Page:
Ron Darling rips Luis Severino for ‘inexcusable mistake’ that cost Mets

A bad moment was made worse by the Mets on Wednesday night.

After Luis Severino gave up a game-tying RBI single to the Nationals’ Juan Yepez in the top of the fourth inning, the starter didn’t back up home plate and catcher Francisco Alvarez — enabling another run to score after right fielder Tyrone Taylor made an errant throw.

SNY color commentator Ron Darling wasn’t too pleased with Severino’s effort on the play.

“This is inexcusable,” Darling said on the broadcast. “All it takes is a little hustle by a pitcher. When you give up a hit that could score a run, or a play is at third, 100 percent of the time, you have to back up.”

The same problem reared its ugly head on the very next play when Severino didn’t cover third base after a single by Ildemaro Vargas.

“You just have to do it,” Darling said. “It’s one of those plays that you could go three seasons without it affecting you — that the catcher blocks it each and every time, or it never goes by the third baseman. Literally three years.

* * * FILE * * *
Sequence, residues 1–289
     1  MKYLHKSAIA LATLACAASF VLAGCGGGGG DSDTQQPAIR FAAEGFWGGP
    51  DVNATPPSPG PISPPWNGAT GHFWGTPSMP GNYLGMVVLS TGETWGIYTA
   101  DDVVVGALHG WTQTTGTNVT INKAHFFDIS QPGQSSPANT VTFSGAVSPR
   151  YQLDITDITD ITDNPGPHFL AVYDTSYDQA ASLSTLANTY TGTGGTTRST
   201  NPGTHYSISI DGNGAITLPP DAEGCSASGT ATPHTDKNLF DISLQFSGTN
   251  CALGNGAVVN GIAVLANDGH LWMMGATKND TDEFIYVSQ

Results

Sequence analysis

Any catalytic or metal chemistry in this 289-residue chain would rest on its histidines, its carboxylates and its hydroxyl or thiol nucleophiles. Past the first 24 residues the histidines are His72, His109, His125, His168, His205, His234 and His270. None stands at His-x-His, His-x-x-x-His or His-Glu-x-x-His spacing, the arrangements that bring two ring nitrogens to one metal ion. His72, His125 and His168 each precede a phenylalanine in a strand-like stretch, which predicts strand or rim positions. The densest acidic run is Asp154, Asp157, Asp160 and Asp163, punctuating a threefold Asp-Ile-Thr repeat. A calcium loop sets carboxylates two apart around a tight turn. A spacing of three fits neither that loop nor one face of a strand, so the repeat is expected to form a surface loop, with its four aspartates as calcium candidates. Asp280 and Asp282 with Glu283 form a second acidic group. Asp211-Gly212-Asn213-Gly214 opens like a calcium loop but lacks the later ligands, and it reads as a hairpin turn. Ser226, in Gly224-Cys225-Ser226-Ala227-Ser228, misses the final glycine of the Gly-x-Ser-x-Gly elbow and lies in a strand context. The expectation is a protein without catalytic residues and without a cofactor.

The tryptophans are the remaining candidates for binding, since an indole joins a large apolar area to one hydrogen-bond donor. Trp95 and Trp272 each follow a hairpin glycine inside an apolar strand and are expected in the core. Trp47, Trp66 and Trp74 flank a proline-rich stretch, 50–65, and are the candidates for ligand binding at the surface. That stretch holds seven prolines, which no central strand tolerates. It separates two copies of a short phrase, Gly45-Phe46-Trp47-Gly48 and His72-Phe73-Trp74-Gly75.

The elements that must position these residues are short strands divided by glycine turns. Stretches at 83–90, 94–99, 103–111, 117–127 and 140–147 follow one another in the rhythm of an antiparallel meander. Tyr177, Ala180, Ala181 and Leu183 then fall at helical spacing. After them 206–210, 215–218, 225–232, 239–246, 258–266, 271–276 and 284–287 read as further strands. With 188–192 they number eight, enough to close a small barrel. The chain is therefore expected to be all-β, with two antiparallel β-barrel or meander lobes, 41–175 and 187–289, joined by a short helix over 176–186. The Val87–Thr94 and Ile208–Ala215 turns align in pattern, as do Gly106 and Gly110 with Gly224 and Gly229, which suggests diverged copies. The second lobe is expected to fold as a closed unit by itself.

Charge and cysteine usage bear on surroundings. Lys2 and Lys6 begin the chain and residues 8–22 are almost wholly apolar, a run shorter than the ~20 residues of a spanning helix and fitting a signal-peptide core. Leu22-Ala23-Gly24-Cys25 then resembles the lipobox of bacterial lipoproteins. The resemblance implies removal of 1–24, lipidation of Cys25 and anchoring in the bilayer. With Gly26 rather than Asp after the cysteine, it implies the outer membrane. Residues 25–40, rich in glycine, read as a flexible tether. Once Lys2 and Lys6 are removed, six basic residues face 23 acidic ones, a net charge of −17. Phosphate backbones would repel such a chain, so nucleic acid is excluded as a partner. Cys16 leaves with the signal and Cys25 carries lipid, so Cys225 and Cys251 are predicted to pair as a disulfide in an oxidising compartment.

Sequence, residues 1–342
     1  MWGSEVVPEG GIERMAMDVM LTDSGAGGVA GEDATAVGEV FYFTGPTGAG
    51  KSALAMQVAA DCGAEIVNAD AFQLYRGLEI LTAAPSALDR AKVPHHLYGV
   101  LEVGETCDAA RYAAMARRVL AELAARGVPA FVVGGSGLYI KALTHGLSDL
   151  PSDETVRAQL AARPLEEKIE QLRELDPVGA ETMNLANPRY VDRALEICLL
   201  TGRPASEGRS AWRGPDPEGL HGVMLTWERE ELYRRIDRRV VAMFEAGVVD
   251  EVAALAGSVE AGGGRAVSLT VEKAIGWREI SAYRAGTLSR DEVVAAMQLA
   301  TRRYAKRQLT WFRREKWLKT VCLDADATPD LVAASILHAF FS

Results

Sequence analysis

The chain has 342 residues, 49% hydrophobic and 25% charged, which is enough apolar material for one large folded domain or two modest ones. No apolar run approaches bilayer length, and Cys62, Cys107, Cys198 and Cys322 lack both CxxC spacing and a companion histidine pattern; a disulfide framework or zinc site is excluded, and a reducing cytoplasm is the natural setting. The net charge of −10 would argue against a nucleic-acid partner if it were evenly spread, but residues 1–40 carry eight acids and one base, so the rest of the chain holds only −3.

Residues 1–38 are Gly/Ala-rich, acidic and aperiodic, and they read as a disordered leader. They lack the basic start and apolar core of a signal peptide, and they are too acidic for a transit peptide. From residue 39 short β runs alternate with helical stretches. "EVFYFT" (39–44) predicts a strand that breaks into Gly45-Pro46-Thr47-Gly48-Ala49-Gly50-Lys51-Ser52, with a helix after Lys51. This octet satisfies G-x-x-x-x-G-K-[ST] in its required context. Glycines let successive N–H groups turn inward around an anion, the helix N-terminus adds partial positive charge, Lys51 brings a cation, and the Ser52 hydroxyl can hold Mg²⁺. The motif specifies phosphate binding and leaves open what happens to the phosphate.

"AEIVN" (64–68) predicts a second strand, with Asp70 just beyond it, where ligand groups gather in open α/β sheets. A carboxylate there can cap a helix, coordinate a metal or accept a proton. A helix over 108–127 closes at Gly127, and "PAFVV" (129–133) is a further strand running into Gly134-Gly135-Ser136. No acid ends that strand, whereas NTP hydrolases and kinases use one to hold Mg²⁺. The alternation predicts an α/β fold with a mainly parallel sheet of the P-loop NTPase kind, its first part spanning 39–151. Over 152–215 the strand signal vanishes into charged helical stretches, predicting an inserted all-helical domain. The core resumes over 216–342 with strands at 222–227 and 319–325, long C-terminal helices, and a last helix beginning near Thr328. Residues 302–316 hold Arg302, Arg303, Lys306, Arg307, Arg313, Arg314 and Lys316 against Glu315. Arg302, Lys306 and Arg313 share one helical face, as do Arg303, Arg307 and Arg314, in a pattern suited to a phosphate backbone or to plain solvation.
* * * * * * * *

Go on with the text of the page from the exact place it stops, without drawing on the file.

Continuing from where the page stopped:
“He [Severino] has taken it out of his game. It’s a shame. You have to back up. It’s the professional way to play the game.”

New York Post sports writers Jon Heyman and Joel Sherman speak with baseball greats David Cone and Ron Darling at a live episode of The Show, a podcast about Major League Baseball at the Paley Center for Media in Manhattan.
Ron Darling took exception to Luis Severino not doing what he should’ve after an RBI single. Stephen Yang

Severino’s second blunder ultimately didn’t cost the righty, who induced a lineout to left field to end the inning, strandong two runners in scoring position.

Nevertheless, a moment in the next half inning seemed to epitomize the importance of what Darling was stressing.

After the Mets loaded the bases on a single by Jose Iglesias, Washington starter Patrick Corbin snared a mishandled throw from right fielder Lane Thomas behind home plate — keeping the runners at bay.

New York Mets starting pitcher Luis Severino #40, walks off the field at the end of the 4th inning in which 2 runs scored.
Severino allowed two runs during his 6 1/3 innings of work for the Mets Wednesday night. Charles Wenzelberg / New York Post

“Corbin does what Severino failed to do,” said play-by-play man Gary Cohen.

Darling’s piercing comments about Severino not backing up hold extra weight given that he won a Gold Glove in his own right in 1989.

The former All-Star pitcher joined SNY teammate Keith Hernandez as the latest Mets commentator to express a gripe about something surrounding the team.

In the Mets’ win over the Pirates on Sunday, Hernandez expressed his distaste for one of the Mets’ chants fans have been using at times.


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